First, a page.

Belfast Telegraph

Scottish independence: Tussle looms on question of free tuition for our students

By Liam Clarke

European Union rules will force an independent Scotland to offer free university places to Northern Ireland students, senior politicians here believe.

Scotland is currently unique in the UK in offering free education to its own students. It also offers it to students from other EU countries but not to people from other parts of the UK or foreign students from outside the EU.

If there is a Yes vote in the Scottish Independence Referendum, Scotland would become a separate country in 2016. At that point it would have to treat the rest of the UK like other EU members.

In that case, it looks likely that hundreds of students who move from Northern Ireland to Scotland to study every year would therefore be entitled to avoid the fees, currently up to £9,000. Last year, just 1,000 students from Northern Ireland entered first year in a Scottish university.

Last night, a Scottish Yes campaign spokesman suggested that a way could be found round the issue later.

"We believe the unique and distinct circumstances of Scotland will enable us to objectively justify continuation of our current policy on tuition fees in a way which is compatible with EU requirements. Our objective justification is not about nationality, it's about the unique and exceptional position of Scotland," he said.

A spokeswoman for both the Stormont Department of Education and Employment and Learning (DEL) spelt out the legal situation.

"The principle of free movement within the European Union (EU) applies to students and their rights associated with studying in other member states. The charging of tuition fees varies from member state to member state. If a member state waives fees or provides tuition fee loans to its domiciles then it must do the same for domiciles from other EU countries," she said.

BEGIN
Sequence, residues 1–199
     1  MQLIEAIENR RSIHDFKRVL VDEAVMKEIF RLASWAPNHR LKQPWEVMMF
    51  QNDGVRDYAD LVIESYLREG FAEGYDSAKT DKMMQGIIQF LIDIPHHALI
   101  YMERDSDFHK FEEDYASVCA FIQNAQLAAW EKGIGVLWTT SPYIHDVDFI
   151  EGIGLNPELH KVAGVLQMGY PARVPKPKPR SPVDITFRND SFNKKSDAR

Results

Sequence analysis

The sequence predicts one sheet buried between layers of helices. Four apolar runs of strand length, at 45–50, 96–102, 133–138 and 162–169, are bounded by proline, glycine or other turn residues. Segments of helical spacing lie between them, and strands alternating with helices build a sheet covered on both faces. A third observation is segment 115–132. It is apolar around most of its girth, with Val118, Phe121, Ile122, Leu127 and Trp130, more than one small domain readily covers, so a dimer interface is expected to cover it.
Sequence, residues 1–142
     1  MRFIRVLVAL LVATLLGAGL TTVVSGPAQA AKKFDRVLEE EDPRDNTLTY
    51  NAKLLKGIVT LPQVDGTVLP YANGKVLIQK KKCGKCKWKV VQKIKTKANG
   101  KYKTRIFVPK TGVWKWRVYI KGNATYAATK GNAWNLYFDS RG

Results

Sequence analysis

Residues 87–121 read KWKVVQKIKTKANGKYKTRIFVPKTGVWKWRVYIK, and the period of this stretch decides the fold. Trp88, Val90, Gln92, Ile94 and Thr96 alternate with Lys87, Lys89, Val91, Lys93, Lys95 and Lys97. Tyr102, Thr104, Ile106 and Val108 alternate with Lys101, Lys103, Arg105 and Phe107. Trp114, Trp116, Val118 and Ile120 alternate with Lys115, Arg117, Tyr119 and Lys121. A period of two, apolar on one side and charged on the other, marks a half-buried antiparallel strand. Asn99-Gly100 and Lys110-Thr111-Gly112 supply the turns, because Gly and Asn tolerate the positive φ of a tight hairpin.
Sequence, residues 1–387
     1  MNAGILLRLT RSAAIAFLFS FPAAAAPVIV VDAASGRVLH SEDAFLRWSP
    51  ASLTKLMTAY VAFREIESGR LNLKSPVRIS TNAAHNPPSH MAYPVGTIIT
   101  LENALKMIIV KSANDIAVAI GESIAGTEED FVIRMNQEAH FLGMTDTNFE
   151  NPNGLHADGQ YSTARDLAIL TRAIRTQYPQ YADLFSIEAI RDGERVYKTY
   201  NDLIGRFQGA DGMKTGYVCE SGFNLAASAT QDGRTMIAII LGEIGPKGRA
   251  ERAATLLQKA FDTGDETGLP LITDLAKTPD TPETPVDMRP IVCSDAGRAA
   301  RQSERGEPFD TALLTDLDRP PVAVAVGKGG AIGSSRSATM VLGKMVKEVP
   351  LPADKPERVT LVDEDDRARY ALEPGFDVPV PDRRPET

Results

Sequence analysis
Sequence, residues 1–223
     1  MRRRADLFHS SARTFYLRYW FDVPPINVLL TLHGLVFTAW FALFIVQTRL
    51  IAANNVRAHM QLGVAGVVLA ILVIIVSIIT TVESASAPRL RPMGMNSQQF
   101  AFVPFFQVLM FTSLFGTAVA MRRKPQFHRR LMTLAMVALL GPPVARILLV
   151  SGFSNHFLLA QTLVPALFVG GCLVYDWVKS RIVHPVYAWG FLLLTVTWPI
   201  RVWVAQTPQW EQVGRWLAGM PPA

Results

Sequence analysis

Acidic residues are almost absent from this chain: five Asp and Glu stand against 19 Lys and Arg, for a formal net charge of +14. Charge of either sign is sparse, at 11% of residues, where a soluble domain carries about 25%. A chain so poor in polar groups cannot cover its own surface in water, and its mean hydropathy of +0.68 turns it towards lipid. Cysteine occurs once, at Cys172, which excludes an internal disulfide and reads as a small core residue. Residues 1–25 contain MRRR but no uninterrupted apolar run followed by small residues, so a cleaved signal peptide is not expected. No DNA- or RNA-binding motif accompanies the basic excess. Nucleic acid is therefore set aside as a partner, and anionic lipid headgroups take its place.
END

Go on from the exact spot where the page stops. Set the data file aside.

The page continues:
When free fees were introduced in Scotland, Northern Ireland students who secured Irish passports were initially able to benefit because Ireland is another EU country. Last year, the Scottish government closed this loophole by specifying that applicants from the rest of the UK with passports from other EU states would be required to prove that they have lived in another EU member state for at least three months before qualifying to have their tuition fees paid. This device wouldn't work if the UK was itself another EU state.

On the other hand, subsidising education for students from across the UK would be a heavy drain on Scotland which boasts more top rated universities per head of population than any other country in the world.

Robin Swann, Ulster Unionist chief whip and chair of the DEL committee, said: "This seems to be another part of the independence argument that has not been properly thought through."

He added: "They would have to treat and support our students exactly the same way as we treat students from the Republic of Ireland who decided to avail of our higher and further education systems."

Alastair Ross, a DUP representative on the DEL committee agreed.

"It would be bizarre and contrary to EU rules, to treat Northern Ireland students differently than any other EU student. The EU rules dictate that a member state must treat other EU students in the same way as their own students. I trust our Scottish friends will vote no in the referendum as I firmly believe we are better together," he said.

Previously, a former EU judge said charging fees to students from the rest of the UK to study in an independent Scotland would be "incompatible" with EU law.

Prof Sir David Edward, a former European Court judge, has provided written legal advice to pro-UK group Academics Together. He cited EU rules preventing discrimination between member states.

background

Scotland is the only part of the UK to offer a free university education to its own students. However, applicants from all other parts of the UK must pay. The country's universities have long been popular with Northern Ireland students, who are currently charged up to £9,000 in fees per year, along with students from England and Wales. Last year, 34,540 students from Northern Ireland, England and Wales applied to study at a Scottish university. Students from other EU countries do not have to pay a fee. In the event of independence, UK applicants would fall into that category.

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